The pair had been drinking heavily before taking the buggy
Two men have been fined for taking a golf buggy onto the A75 road in a bid to make the 70-mile journey home from Portpatrick to Dumfries.
They travelled on the road for about an hour at a top speed of 15mph before being stopped by police.
Stranraer Sheriff Court was told the two men from Dumfries had committed an "extremely foolish offence".
A police spokesman said the possibility of a crash between the buggy and a lorry did "not bear thinking about".
Robert Watt, 21, and Mark Gillespie, 25, both from Dumfries, were spotted at about 2335 BST on 10 June in the buggy on the A77 near Portpatrick, in south west Scotland.
Police were contacted and the pair were eventually stopped about an hour later on the A75, having travelled about 15 miles to Dervaird near Glenluce.
Gillespie was driving the buggy and was almost three times over the drink limit.
The vehicle had also been travelling without using lights.
Watt admitted stealing the buggy from Lagganmore Golf Club while Gillespie pled guilty to dangerous driving, drink driving and driving without a licence and insurance.
Defending Gillespie, lawyer Arnold Brazenall said that although it was an "amusing episode" his client now accepted that the consequences could have been very serious.
Paul Feeney, representing Watt, said the pair had been working in the Portpatrick area and needed to get back to Dumfries.
Watt had devised the scheme to get home but in the cold light of day it was "beyond them" how they had expected it to succeed.
The men admitted the offences at Stranraer Sheriff Court
Sheriff David Hall said that it was an extremely foolish offence where drink had clearly played a part.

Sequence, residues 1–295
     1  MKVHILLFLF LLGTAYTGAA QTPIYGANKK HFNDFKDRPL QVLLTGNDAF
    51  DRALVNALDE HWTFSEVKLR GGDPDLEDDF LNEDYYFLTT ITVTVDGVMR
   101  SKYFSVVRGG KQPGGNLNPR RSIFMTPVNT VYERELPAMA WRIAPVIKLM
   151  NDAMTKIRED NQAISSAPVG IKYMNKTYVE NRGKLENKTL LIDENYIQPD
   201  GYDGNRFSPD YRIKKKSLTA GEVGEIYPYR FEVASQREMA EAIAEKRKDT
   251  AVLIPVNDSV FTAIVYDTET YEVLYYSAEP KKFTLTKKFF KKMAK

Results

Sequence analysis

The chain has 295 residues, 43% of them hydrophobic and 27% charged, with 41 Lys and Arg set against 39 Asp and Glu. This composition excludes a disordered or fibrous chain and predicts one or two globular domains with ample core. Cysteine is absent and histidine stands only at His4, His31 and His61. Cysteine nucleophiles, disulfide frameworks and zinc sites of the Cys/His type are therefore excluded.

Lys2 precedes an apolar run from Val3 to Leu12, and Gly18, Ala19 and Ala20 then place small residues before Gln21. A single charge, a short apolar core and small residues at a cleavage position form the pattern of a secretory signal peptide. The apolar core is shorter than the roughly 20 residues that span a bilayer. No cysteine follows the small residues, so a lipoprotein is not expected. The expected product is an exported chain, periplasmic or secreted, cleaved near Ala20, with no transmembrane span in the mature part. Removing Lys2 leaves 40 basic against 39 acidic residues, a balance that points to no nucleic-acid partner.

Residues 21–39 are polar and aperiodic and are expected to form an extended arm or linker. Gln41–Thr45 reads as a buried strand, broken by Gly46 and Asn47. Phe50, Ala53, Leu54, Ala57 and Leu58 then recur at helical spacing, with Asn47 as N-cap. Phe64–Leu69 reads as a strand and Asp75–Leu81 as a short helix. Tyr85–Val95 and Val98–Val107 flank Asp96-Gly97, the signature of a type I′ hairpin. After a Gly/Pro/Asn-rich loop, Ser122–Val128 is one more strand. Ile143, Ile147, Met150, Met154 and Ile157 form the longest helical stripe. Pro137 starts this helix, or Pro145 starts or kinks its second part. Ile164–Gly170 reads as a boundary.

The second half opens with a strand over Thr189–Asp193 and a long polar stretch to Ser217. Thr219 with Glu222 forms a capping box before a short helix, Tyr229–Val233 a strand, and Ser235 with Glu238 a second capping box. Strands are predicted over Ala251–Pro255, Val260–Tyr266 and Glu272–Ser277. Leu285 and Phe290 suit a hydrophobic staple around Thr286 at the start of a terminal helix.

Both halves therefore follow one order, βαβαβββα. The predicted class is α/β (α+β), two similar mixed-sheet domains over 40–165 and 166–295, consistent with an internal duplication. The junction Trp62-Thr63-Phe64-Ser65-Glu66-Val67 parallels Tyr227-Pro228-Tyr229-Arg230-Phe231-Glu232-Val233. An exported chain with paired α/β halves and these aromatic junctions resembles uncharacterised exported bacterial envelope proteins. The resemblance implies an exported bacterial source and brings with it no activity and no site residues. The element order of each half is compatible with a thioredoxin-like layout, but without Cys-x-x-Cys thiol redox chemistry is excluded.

Gillespie was fined a total of £525, banned from driving for three years and ordered to sit an extended re-test.
Watt was fined £150 for the theft of the buggy.
Commenting on the case, a spokesman for Lagganmore Golf Club said: "The maximum speed of the golf buggy would have been about 15mph.
"What they did was absolute lunacy and they are lucky that they were not killed.
"I think they were like ET, just trying to get home."
Sgt Paul Dodds, of the Galloway Roads Policing Unit, said it was "one of the most unusual incidents" he had ever dealt with.
"I am sure everyone who saw it struggled to believe their eyes when they saw a golf buggy being driven on the main A75 roadway," he said.
He said their incredulity must have been increased "as it was being driven at night with no lights on and being passed by large goods vehicles".
He added: "What is more concerning is the fact that those involved were drunk and it is clear that they showed no consideration for the safety of others or themselves.
"An accident between a golf buggy and an articulated lorry does not bear thinking about."